Now we knew that cranes eat crustaceans, but we didn’t realize these meat-eaters would also be a threat to the Red-winged Blackbirds – or rather, their young. A post on Laura Erickson’s Twin Beaks blog (and this one) this week cleared that up though. Yikes.

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BPW: Pied Kingfisher

I’m digging into the archives for this one. The Pied Kingfisher was one of the most abundant species we came across during our visit to the Gambia in January 2007.

These guys are cute and noisy. We heard them almost everywhere we went if we were close to water. You can hear what they sound like here. We saw them perching in trees, where they would call one another, or, more interestingly, hovering above the water hunting for fish.

Here’s one relaxing on the rocks between hunting sessions.


This one appears to be taking the easy route – hunting from the side of a bridge. Scouting before going out there and hovering is probably a good idea.


This is how they look when hunting. They were so fun to watch!


Be sure to check out the other bird photos submitted for this week’s Bird Photography Weekly.

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Posted in Africa, Bird Photography Weekly, Gambia | 5 Comments

Rollins with Lake-Cook Audubon

We had another walk at Rollins Savanna on Saturday. This time it was another bird walk sponsored by Lake-Cook Audubon (their last walk of the season). It was an overcast and unseasonably cool morning, with rain forecast for the early afternoon. Despite the weather, over 45 birders of all levels joined in the walk. Here are most of us at the start of the walk.

Lots Of Birders

We did lose quite a bit of birders along the way – including us! We walked ahead of the group just shortly after the halfway point in the loop trail, after three hours of birding.

Because the group was so large, we split in two. Even then, we were still birding with a huge group. Here’s our half just shortly after we began.

Birders Birding

By the way, I’m not sure you’ve noticed (ha!), but I really like to take photos of birders. I don’t exactly know why. When we went birding in Holland we never went with a group so I would always get a kick out of seeing photos in online newspapers of birders all looking in one direction through their binoculars or focusing their cameras on the same thing. I just like birding as a hobby so much so I guess seeing photos of people doing it in a big group makes me smile.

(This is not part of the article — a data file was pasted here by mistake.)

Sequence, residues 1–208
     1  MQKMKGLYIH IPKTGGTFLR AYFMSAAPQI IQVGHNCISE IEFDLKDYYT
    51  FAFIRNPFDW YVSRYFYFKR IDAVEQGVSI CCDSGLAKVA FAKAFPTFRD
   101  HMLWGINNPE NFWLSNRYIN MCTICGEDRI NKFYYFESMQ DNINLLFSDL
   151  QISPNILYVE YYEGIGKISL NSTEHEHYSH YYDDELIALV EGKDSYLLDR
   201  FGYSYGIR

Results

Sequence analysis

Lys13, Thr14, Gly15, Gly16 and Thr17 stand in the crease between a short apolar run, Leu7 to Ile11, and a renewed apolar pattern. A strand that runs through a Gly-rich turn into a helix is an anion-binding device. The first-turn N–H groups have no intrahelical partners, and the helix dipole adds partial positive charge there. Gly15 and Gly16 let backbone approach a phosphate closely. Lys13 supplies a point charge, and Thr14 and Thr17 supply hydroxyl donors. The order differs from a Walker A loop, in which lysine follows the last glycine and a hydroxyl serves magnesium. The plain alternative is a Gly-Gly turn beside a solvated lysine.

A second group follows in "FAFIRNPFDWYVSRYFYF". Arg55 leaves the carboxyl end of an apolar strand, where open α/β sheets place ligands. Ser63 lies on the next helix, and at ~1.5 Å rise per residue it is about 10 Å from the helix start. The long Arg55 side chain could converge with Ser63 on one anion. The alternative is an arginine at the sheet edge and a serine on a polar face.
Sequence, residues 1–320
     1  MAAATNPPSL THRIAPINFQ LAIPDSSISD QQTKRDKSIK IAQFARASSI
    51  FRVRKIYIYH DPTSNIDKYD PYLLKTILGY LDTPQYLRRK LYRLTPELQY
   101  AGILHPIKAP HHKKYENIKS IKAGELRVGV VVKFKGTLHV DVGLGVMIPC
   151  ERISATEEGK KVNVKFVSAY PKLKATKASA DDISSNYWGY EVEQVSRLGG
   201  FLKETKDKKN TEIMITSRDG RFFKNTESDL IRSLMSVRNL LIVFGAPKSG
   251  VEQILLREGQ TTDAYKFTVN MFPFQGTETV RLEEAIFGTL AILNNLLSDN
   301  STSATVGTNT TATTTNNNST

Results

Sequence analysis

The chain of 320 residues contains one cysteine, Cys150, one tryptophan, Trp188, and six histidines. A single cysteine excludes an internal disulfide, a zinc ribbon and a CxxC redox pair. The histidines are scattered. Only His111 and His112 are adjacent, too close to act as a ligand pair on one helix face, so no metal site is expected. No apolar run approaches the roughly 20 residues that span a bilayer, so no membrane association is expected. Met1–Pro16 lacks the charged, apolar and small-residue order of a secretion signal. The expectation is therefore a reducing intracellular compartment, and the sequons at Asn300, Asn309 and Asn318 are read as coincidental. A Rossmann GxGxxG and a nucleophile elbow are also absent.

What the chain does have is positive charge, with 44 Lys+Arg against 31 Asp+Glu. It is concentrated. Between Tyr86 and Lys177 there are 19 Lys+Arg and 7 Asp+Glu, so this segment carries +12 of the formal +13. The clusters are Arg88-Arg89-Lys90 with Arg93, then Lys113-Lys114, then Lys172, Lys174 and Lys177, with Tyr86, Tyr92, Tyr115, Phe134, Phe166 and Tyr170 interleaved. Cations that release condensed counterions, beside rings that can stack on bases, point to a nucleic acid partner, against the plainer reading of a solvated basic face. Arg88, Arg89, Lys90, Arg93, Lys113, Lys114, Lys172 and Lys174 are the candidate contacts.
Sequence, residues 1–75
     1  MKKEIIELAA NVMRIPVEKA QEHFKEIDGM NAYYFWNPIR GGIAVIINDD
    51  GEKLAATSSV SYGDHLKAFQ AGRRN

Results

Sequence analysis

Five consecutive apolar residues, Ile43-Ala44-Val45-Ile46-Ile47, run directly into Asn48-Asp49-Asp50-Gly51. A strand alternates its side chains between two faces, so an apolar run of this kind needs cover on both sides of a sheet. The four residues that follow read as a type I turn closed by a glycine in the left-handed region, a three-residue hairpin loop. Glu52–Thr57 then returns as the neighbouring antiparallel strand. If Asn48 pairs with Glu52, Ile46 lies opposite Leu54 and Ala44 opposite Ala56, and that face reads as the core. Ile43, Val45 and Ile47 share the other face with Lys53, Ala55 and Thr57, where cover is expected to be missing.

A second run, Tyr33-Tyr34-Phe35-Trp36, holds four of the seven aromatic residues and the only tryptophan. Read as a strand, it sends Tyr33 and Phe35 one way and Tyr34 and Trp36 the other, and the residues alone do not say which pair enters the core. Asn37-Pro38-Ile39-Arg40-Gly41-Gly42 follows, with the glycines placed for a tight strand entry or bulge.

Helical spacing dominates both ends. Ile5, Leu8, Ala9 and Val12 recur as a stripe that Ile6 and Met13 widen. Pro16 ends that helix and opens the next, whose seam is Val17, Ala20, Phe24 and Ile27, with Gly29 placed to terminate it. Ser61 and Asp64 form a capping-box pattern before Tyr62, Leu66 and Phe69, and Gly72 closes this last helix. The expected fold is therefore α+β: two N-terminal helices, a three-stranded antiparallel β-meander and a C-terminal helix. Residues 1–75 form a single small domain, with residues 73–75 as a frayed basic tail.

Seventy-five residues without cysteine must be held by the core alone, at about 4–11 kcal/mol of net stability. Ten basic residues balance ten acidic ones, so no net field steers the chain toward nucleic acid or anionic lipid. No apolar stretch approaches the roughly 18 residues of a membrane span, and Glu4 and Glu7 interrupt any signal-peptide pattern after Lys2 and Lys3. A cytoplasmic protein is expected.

On Saturday the Bobolinks that had been so prevalent during our last walk were a bit more subdued. We still saw many males singing, but we didn’t observe any females at all. A few of the males were quite bold, giving us great views from perches close to the trail.

Singing Bobolink


The Meadowlarks, on the other hand, seemed to be a bit more vocal than they were the last few times we were at Rollins. We heard these almost everywhere during the walk, but they kept their distance.

We noticed Eastern Kingbirds at at least three different locations, including what seemed to be two pairs.

Eastern Kingbird

We saw lots of birds flying high over the savanna, including Great Blue Herons, Great Egrets, a Marsh Harrier, plus this Red-tailed Hawk being pestered by a Red-winged Blackbird and a flock of Canada Geese.

Red-tailed Hawk

Red-tailed Hawk

Goose Flock

In total we counted 37 observed species, including three lifers: Sedge Wren; Northern Rough-winged Swallow; and a fleeting look at a Virginia Rail.

Rollins Savanna